We do not have interest now to open war, not in the south and not in the North. Remember that such a war against Hezbollah might turn into a war also with Syria, with Iran. Though, my point of view personally, the Syrians will not join it. They are clever, they are sophisticated. Why to join a war to save Hezbollah. I will tell you more than that. They will be happy to see that Hezbollah is losing a little bit from its power. Syrian interest in Lebanon was always that there would not be one group who has a superior hand. They always played with all the groups. I don’t think that the Syrians will join. I don’t think that the Iranians will join. The Iranians will fight until the last Arab, not until the last Iranian.

FPA ISRAEL BLOG: Any future campaign will be highly criticized by the international community. Can Israel afford to launch such a devastating war?

MIZRAHI: We have a problem here and I think that Hamas and Hezbollah knows it, which means they know that they can make their provocation. Israel will have to retaliate, but it won’t be able to finish the job because the international community will not let her do it. This is indeed a problematic issue, but it would be impossible for any Israeli prime minister to have to witness a situation in the south or in the north [where] there would be attacks of missiles.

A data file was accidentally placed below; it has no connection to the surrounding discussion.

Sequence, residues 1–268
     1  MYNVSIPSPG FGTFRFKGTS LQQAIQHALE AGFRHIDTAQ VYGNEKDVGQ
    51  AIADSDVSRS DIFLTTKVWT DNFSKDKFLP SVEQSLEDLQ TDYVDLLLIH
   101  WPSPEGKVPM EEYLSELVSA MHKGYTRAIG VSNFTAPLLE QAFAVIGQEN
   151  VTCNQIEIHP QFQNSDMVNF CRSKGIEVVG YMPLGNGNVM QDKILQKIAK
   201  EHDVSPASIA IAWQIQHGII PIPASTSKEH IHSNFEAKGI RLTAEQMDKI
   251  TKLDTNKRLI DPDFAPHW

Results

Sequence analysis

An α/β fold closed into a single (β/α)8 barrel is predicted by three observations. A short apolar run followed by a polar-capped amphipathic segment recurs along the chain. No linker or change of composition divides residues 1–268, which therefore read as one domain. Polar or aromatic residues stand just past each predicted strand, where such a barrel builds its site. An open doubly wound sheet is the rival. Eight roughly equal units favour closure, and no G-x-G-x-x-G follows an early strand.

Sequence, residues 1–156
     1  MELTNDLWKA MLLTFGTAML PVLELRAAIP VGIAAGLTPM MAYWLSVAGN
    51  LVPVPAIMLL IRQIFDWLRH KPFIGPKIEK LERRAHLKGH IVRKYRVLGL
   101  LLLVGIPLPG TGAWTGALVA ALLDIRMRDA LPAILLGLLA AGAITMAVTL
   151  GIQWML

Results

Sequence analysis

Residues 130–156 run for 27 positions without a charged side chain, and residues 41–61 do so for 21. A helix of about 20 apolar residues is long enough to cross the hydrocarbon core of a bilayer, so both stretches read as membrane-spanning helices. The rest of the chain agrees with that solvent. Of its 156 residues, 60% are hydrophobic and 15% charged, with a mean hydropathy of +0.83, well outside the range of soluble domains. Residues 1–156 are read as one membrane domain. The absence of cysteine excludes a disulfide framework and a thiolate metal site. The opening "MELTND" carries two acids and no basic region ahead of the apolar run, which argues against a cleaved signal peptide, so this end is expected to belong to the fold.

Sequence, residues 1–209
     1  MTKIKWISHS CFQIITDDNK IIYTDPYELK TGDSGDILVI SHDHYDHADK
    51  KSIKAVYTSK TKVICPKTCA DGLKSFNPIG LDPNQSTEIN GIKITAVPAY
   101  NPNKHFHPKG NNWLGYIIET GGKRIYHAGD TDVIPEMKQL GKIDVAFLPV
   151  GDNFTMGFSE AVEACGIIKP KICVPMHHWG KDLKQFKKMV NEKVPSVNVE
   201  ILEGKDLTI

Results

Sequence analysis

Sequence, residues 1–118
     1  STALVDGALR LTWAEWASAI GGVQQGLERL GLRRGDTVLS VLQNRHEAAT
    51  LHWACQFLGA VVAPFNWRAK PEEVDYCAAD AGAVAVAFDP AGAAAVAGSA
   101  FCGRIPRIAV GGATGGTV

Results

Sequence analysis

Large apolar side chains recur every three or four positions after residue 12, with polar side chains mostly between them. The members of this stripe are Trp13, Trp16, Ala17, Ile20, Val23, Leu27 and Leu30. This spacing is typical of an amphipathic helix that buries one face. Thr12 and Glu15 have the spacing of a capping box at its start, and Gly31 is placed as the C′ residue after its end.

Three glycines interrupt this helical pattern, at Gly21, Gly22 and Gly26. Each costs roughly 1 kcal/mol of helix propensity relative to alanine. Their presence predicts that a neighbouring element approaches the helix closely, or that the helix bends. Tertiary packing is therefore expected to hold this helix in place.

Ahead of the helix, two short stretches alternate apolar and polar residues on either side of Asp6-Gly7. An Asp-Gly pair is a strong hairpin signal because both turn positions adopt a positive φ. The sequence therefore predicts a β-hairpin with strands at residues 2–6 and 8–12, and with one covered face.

At that time, we are going to retaliate and the international community are going to say whatever they are going to say. It is impossible for us to be in a situation in which they will bombard us and we cannot do anything because we expect from Israel to behave differently.